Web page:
Raymond Robert Forster

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Raymond Robert Forster, QSO (19 June 1922 – 1 July 2000), was an arachnologist and museum director from New Zealand.

Biography[edit]

Forster was born in Hastings, New Zealand in 1922,[1] and was educated at Victoria University of Wellington, gaining BSc, MSc(Hons) and DSc degrees.[2]

Forster was an entomologist at the National Museum in Wellington from 1940 to 1947, with an interruption for military service during World War II.[2] Between 1942 and 1945 he served first in the army and then as a naval radar mechanic.[3] He was appointed zoologist and assistant director at Canterbury Museum in 1948, and in 1957 he moved to Otago Museum to take up the position of director. He retired from that role in 1987.[1]

Forster wrote his first paper on spiders at the age of 17. Over the course of his career, more than 100 scientific papers and volumes were published bearing his name, including the definitive six-volume Spiders of New Zealand, in co-authorship with international colleagues. He also published Small Land Animals and co-authored NZ Spiders, An Introduction.[2]

He researched and classified many of New Zealand's thousands of native spiders, and was responsible for establishing Otago Museum's spider collection.[2]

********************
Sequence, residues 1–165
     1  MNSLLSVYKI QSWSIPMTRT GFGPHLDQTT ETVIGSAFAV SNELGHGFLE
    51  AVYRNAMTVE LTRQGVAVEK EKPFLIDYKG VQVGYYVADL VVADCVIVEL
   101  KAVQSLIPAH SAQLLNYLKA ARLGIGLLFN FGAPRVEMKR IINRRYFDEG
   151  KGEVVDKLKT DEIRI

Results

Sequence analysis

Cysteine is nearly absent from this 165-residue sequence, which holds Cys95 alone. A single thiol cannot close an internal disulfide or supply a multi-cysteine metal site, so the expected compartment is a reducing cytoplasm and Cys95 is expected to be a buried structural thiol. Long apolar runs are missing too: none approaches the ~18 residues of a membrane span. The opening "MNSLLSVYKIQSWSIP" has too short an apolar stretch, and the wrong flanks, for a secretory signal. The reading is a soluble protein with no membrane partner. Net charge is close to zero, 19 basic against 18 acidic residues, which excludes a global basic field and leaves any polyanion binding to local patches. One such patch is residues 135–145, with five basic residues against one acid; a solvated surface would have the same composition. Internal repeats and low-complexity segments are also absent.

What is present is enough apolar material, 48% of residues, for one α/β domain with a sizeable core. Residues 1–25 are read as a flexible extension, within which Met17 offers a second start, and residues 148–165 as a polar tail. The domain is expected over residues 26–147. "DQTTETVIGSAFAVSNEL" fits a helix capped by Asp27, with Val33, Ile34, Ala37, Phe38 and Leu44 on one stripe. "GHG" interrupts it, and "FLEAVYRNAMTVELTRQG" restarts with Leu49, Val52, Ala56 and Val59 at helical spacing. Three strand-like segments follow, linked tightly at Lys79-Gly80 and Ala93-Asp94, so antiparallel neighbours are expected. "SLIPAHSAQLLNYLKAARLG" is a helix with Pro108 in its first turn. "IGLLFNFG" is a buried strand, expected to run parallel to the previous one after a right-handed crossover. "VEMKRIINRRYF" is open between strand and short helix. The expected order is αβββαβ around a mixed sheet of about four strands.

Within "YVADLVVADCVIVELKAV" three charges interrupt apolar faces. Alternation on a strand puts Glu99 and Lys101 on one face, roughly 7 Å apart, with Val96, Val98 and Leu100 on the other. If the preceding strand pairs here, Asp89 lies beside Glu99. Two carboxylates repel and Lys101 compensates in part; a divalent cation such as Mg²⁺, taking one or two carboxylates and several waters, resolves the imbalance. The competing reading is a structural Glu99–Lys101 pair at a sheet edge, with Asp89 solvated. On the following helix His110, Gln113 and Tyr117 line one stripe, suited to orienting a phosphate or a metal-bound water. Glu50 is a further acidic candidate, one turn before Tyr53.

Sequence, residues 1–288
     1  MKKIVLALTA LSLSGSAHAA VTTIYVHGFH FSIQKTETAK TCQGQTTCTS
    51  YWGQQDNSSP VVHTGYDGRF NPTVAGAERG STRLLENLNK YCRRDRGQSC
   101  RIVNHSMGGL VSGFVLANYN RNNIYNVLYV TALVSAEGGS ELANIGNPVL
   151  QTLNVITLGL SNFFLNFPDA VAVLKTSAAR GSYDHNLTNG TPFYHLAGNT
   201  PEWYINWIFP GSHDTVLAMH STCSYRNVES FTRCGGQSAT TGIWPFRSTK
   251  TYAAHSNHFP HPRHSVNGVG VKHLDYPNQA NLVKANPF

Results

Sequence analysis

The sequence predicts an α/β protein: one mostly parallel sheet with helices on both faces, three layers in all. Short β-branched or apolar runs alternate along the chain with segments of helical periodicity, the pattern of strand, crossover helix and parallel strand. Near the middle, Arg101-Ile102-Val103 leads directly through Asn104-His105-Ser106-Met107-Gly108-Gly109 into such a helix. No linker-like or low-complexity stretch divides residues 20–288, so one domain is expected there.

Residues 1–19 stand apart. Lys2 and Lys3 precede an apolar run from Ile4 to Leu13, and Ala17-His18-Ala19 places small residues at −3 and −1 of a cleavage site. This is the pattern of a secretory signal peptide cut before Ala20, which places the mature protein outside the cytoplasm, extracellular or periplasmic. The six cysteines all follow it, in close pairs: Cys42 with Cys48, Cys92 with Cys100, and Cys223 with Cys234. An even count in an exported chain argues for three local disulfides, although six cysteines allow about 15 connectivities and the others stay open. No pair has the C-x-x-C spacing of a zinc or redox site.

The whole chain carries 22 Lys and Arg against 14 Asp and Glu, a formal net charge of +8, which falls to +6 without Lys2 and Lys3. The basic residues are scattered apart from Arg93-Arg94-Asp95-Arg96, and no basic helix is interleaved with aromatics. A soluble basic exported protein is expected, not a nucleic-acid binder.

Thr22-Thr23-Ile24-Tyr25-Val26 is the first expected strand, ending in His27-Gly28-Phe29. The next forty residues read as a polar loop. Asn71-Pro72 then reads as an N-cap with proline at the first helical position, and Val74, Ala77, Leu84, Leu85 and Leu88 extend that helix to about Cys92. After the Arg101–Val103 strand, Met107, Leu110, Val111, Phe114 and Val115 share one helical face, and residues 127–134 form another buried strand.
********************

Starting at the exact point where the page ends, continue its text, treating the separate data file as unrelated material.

Forster died in Dunedin in 2000.[3]

Honours[edit]

In 1961, Forster was elected a Fellow of the Royal Society of New Zealand, and received two of that society's honours: the Hutton Medal in 1971; and the Hector Medal in 1983.[1]

The University of Otago honoured Forster with the award of the degree of Doctor of Science, honoris causa, in 1978.[1]

He was awarded the Queen Elizabeth II Silver Jubilee Medal in 1977,[2] and was appointed a Companion of the Queen's Service Order for public services in the 1984 New Year Honours.[4]

Honorific eponym[edit]

A small valley in Fiordland, Forster Burn, is named after him.[2]

References[edit]

  1. ^ a b c d Raven, Robert J. (2000). "Raymond Robert Forster QSO DSc NZ Otago FRSNZ FESNZ FMANZ 1922-2000: Are you there?". Royal Society of New Zealand. Retrieved 14 February 2013. 
  2. ^ a b c d e f "World-rated zoologist classified many native NZ spiders". Otago Daily Times. 2000-07-08. 
  3. ^ a b Ray Forster obituary. International Society of Arachnology. Retrieved 14 February 2013.
  4. ^ London Gazette (supplement), No. 49584, 30 December 1983. Retrieved 10 February 2013.